The big hitch in Sun Yang's momentous doping verdict

A verdict in one of the world’s most eagerly awaited doping cases won’t be handed down until next year due to translation problems that have overshadowed the saga.

The Court of Arbitration for Sport (CAS) does not expect to issue a decision in the World Anti-Doping Agency's (WADA) case against Sun Yang until mid-January after the swimmer's public hearing was beset by translation issues.

Sun last month fronted a rare public hearing in a doping case that leaves his 2020 Tokyo Olympic Games place under a serious cloud.

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The three-time Olympic gold medallist faced a WADA appeal in Switzerland that seeks to ban him for up to eight years for allegedly refusing to give samples voluntarily.

The Chinese swimmer proved a highly controversial figure at July’s world championships, where Australian Mack Horton and Brit Duncan Scott famously led the protests against his right to compete.

Sun Yang's infamous confrontation with British swimmer Duncan Scott at the swimming worlds. Pic: Getty

WADA appealed to CAS after Sun was not punished by swimming's governing body FINA for allegedly smashing viles of blood in front of anti-doping officials during an out-of-competition test at his home last year.

Sun's November 15 hearing was marred by interpretation problems throughout and there will be no decision handed down by CAS before 2020 as the involved parties work to settle on a transcript of proceedings.

A statement from CAS read: "The Court of Arbitration for Sport (CAS) heard the appeal filed by the World Anti-Doping Agency (WADA) against the Chinese swimmer Sun Yang and the Federation Internationale de Natation (FINA) on Friday, 15 November 2019 during a public hearing held in Montreux, Switzerland which was also live streamed via the CAS website, giving all interested persons across the globe the opportunity to follow the proceedings live.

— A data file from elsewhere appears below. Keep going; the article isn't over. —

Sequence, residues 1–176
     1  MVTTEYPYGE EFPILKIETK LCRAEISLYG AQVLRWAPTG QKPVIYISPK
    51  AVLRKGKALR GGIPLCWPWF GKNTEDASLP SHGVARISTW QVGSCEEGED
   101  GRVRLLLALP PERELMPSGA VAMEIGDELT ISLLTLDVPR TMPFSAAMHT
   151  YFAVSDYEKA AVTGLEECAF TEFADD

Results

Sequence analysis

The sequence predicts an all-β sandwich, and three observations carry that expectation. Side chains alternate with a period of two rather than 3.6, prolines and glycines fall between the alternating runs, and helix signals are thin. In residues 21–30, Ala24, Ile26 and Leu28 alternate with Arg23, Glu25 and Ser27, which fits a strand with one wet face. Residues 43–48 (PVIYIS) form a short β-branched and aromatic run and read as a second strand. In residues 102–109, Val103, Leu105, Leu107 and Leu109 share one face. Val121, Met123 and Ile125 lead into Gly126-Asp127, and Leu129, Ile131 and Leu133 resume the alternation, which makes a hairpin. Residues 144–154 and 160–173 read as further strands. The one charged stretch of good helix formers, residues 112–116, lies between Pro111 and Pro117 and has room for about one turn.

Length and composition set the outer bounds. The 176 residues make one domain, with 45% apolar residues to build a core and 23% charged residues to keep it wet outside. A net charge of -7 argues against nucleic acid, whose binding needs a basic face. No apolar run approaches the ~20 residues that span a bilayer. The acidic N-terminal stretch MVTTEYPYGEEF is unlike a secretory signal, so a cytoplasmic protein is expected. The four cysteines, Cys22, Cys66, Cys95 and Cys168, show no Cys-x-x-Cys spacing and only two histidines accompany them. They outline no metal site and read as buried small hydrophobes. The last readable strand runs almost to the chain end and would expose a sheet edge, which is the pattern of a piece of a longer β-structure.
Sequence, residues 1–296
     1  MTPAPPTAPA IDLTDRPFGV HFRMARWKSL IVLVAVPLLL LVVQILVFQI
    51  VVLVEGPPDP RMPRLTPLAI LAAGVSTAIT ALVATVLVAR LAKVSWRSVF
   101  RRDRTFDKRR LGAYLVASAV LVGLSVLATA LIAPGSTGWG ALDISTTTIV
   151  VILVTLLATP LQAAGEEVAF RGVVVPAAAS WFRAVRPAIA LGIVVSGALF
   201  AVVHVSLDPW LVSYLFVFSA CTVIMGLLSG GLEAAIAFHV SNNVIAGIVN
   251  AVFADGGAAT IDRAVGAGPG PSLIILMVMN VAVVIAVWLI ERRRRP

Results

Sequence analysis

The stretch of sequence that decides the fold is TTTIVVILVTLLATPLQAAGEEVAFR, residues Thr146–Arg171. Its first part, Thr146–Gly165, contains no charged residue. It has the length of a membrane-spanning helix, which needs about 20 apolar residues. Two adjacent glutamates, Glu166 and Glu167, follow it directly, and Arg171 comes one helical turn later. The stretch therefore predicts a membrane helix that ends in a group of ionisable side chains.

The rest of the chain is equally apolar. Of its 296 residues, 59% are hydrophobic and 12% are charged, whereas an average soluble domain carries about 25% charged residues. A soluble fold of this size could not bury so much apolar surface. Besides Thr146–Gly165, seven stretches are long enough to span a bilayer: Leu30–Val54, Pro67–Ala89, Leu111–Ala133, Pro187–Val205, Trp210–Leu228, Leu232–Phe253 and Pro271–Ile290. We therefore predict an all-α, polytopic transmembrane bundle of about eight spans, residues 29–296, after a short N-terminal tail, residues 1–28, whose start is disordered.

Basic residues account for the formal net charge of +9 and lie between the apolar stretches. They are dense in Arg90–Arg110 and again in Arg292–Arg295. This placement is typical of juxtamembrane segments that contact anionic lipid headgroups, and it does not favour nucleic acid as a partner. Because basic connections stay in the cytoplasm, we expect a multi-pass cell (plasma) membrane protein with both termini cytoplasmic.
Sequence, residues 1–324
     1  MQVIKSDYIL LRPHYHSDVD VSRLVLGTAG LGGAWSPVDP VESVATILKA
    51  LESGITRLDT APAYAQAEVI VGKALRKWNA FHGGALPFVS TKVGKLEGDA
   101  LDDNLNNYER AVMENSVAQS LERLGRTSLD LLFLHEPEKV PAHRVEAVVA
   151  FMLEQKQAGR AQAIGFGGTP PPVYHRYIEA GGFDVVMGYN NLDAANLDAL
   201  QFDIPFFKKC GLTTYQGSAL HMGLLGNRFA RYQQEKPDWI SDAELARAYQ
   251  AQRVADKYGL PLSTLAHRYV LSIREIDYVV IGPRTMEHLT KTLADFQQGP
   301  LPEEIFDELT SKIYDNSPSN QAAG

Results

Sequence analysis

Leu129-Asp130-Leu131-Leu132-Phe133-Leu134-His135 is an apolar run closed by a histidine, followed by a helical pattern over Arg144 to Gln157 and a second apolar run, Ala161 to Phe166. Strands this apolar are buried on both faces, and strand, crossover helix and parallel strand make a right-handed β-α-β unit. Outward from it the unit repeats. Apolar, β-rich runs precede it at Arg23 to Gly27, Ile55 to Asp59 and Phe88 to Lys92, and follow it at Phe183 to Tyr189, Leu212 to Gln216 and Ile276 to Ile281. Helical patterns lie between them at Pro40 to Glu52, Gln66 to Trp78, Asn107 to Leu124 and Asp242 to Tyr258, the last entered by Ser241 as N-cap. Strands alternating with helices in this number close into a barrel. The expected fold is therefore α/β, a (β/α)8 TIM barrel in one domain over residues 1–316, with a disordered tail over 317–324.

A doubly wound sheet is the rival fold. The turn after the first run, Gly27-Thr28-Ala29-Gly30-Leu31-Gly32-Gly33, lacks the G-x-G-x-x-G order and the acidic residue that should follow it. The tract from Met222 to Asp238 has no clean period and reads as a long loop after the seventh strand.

"Although the organisation and the schedule of the public hearing was to the satisfaction of the arbitrators and parties' counsels, some concerns were raised with respect to the quality of the interpretation of Mr. Yang's testimony.

Mack Horton refused to share a podium with Sun Yang at the swimming worlds. Pic: Getty

“It must be emphasised that the CAS regulations provide that if a hearing is to be held, the CAS Panel may allow a party to use a language other than that chosen for the arbitration, on the condition that such party provides, at its own cost, interpretation into and from the official language of the arbitration.

"It is for this reason that, since the language of the proceedings was English, the parties agreed on a private interpretation service to assist Mr. Yang and his witnesses.

“In order to maintain its independence and neutrality, the CAS cannot engage in the hiring of external interpreters.

"The parties are currently preparing an agreed-upon written transcript of the proceedings, including a full translation of Mr. Yang's testimony, which the panel will work from when deliberating and preparing the Arbitral Award.

“In view of these circumstances, the Arbitral Award is not expected to be issued before mid-January 2020."

Sun was banned for three months in 2014 having tested positive for trimetazidine, a prohibited substance that has since been downgraded from stimulant to modulator of cardiac metabolism.

His wins in the 200 metres and 400m freestyle at the World Swimming Championships earlier this year saw Duncan Scott and Mack Horton each refuse to share the podium with him.

Sun, China's most decorated swimmer, has won three Olympic gold medals to go with his 11 world titles.

With Omnisport